Thatcher and Reagan are to blame for Trump and Brexit

Posted By: November 12, 2016

Patrick Murphy. Irish News (Belfast). Saturday, November 12, 2016

YOU can blame the US electorate if you want, but the people who propelled Donald Trump to the presidency (apart from Hillary Clinton) were the same two people who led the British electorate to Brexit. They were Ronald Reagan and Margaret Thatcher.

Following the collapse of European communism in the 1980s, their economic policies were based on abandoning the state’s responsibilities towards its citizens.

If too much state control had led to the downfall of communism, Reagan and Thatcher set out to transfer power from the state to what they called “the market”. But the market turned out to be just another term for unregulated personal and corporate greed.

Thirty years of market-led economies on both sides of the Atlantic produced such a degree of social and economic inequality that both electorates have now rebelled against the established political orders.

These electoral rebellions are unlikely to reduce inequality or to significantly improve the lives of ordinary people, but when you are poor, you protest when you get the chance.

So Reagan and Thatcher agreed on reduced government spending, lower taxes on investments and less regulation for business, particularly in the financial sector.

Thatcher’s first target was the state-owned mines. Last week the British government refused an inquiry into an attack by the police on striking miners at Orgreave, in 1984, probably because it would have strayed into an explanation as to why Britain’s industrial heartland was destroyed in the subsequent 30 years.

That destruction led to Brexit, as jobs moved from well-paid manufacturing to often zero-hours services. Two million lost jobs in the Midlands and North have never been replaced. The market would provide, said Thatcher. It never did.

Within a year of the miners’ strike ending, the financial boom began in the City of London. It ultimately led to the banking collapse in 2008, brought about by a lack of government regulation. The de-industrialised areas were hit with recession for the second time.

A recent report from Sheffield University shows that the decline of British industry costs the Treasury up to £30 billion annually, through spending on welfare and other benefits. The answer by successive governments has been to reduce welfare and public spending, as we know only too well here.

We played our part in all this. While Margaret Thatcher was attacking the miners, we were giving her political respectability in Britain, by killing their sons and brothers in the name of a freedom which has long since been abandoned.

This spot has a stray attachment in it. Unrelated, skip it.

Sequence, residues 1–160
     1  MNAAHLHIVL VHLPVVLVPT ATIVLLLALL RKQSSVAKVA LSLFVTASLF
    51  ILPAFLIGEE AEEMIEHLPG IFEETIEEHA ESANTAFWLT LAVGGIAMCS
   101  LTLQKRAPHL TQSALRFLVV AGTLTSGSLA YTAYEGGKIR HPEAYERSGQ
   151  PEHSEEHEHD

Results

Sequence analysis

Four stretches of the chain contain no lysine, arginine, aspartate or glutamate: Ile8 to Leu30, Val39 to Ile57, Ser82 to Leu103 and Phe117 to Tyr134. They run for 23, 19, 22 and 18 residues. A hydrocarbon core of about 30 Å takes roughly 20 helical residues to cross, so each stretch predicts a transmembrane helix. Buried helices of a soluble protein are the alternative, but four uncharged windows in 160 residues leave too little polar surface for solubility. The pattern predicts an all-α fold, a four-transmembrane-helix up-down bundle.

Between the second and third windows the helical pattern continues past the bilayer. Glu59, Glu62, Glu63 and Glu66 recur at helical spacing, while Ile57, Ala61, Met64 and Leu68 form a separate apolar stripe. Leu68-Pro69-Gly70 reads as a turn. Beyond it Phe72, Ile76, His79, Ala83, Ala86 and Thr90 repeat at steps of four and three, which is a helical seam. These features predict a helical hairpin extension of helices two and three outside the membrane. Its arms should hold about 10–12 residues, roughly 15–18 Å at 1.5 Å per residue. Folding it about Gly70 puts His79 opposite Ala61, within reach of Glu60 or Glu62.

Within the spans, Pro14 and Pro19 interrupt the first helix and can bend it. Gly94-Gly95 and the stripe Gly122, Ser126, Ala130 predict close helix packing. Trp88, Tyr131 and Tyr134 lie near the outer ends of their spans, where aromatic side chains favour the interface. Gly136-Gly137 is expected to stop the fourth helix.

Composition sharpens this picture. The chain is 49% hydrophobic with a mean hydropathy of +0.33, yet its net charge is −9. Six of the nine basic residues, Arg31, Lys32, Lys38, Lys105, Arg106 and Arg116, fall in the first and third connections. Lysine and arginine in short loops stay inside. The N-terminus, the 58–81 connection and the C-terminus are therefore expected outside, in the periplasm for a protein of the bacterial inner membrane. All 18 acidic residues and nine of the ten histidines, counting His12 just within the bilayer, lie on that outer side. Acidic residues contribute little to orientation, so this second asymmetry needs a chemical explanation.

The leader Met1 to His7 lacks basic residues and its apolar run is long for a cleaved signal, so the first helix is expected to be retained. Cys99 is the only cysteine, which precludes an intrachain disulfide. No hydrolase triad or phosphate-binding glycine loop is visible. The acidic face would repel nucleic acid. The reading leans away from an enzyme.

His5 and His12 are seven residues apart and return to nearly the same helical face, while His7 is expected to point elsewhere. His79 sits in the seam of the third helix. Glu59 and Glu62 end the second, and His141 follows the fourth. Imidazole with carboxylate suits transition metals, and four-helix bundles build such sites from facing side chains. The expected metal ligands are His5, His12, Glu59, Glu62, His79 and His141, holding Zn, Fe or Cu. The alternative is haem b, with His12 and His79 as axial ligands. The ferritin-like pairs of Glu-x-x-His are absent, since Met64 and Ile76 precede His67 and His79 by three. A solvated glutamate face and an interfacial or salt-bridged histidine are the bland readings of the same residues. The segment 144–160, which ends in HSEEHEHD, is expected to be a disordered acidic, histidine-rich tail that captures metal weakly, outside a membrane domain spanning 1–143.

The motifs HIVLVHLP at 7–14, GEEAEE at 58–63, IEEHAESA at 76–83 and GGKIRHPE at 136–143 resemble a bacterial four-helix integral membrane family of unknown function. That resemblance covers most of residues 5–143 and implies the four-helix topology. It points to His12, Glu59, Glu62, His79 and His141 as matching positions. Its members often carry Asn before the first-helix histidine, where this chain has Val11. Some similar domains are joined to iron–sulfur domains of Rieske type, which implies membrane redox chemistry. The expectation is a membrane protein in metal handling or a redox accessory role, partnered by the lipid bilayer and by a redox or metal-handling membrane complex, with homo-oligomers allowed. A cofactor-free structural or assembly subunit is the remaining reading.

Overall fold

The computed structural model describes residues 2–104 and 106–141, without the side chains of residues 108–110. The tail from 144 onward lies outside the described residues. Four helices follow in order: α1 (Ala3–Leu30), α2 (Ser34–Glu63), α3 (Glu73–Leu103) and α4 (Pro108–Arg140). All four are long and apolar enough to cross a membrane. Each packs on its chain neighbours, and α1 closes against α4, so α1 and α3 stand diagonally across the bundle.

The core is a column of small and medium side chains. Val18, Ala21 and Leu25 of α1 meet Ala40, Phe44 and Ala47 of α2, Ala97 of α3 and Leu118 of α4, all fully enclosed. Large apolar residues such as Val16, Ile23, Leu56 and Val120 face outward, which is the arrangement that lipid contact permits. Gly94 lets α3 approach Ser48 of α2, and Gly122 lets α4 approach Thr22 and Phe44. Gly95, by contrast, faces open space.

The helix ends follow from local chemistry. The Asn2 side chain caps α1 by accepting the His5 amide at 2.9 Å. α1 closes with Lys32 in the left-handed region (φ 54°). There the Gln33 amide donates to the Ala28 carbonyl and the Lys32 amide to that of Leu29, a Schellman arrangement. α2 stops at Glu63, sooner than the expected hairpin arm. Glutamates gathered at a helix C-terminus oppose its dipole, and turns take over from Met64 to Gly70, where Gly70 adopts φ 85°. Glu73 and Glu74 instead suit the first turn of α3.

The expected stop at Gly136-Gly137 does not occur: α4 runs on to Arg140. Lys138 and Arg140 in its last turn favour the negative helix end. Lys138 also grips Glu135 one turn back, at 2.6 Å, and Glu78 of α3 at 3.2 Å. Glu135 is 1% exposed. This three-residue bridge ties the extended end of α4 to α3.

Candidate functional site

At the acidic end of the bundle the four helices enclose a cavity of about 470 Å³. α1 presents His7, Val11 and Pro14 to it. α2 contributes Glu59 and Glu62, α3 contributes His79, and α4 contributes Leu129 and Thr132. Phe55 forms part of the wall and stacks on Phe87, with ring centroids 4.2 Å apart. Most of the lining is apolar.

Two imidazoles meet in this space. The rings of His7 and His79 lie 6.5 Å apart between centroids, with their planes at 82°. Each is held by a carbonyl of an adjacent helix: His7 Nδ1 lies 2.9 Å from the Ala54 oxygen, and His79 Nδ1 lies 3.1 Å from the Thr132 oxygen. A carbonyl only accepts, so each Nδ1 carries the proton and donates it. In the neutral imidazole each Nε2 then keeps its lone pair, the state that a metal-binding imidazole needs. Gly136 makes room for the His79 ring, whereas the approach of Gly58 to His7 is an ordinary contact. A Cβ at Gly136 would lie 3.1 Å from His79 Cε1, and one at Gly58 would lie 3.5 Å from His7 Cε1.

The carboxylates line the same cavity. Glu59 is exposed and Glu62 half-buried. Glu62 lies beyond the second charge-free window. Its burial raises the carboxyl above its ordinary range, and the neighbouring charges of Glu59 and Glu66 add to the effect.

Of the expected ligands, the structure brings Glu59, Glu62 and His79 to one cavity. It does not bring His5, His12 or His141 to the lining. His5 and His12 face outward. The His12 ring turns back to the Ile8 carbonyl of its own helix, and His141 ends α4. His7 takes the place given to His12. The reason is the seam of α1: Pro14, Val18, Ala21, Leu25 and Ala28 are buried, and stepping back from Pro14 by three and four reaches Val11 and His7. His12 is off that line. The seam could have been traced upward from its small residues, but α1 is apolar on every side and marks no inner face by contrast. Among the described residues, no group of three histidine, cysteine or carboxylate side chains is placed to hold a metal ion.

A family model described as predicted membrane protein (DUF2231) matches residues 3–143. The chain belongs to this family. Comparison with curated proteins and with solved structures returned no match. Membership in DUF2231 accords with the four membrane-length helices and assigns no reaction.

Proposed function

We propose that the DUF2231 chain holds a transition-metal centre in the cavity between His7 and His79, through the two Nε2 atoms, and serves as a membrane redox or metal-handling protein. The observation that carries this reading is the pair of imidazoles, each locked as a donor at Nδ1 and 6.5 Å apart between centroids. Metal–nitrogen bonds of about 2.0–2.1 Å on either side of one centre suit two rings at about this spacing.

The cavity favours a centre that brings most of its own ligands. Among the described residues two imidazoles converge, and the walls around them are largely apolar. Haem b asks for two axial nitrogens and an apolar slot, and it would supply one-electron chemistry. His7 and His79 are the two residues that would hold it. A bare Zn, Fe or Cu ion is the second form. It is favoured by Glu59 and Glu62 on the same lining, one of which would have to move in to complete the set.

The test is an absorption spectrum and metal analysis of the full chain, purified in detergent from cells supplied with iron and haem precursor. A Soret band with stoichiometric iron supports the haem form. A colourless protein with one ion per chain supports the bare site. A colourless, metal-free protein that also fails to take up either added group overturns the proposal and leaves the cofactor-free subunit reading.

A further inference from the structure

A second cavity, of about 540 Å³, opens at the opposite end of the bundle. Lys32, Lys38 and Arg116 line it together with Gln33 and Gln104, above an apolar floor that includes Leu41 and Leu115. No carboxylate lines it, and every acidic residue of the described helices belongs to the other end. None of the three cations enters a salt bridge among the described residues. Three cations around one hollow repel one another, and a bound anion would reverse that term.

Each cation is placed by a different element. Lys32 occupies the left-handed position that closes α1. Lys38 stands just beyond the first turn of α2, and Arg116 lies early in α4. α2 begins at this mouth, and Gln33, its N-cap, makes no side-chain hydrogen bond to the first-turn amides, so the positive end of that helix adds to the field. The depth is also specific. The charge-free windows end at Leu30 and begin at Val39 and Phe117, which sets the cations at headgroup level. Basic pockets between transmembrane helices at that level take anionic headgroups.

The IRA tried to kill Thatcher but failed to recognize the most serious threat of Thatcherism, to the extent that they evolved into delivering it.

The same story can be found in the USA. Since 1980, the number of US jobs in manufacturing has declined from one-third to one-tenth, as US companies invest overseas and cheaper Asian imports replace American goods. The market aims for profit, not social responsibility.

(Politicians here responded to recent job losses in Ballymena by referring to the market. They presumably believe they have no responsibility towards society.)

Trump pledged to keep jobs in America, which is bad news for Ireland. His promise brought him victory in the Rust Belt states of Ohio and Pennsylvania. The market failed these areas and although Trump, like the British Tory party, believes in the market, he was able to highlight its weaknesses to gain power.

Trump argued that globalization had destroyed American jobs. He was right. We played our part in organizing the G8 summit of global leaders in Fermanagh in 2013, which nationalist politicians described as the “best ever” because no protesters were allowed near it. Well, the protest vote just elected Donald Trump.

His election was a shock to many, but unlike some anti-Brexiteers in the UK, no one in the US has called for a second election or argued that the states which voted for Clinton should be allowed to opt out. The USA does the down-side of democracy better than the UK.

The only prediction we can now make about Mr. Trump is that he will be unpredictable. His election, although a surprise,was based on the same inevitable logic which carried the UK’s Brexit vote. If you subject substantial numbers of people to social and economic deprivation while others grow rich (and pay little or no corporate taxes) you will create political unrest.

Of course, we all know that. But when it was happening before our eyes, who spoke out against state-sponsored inequality in the US and Europe? Donald Trump spoke first. It is too late for others to speak out now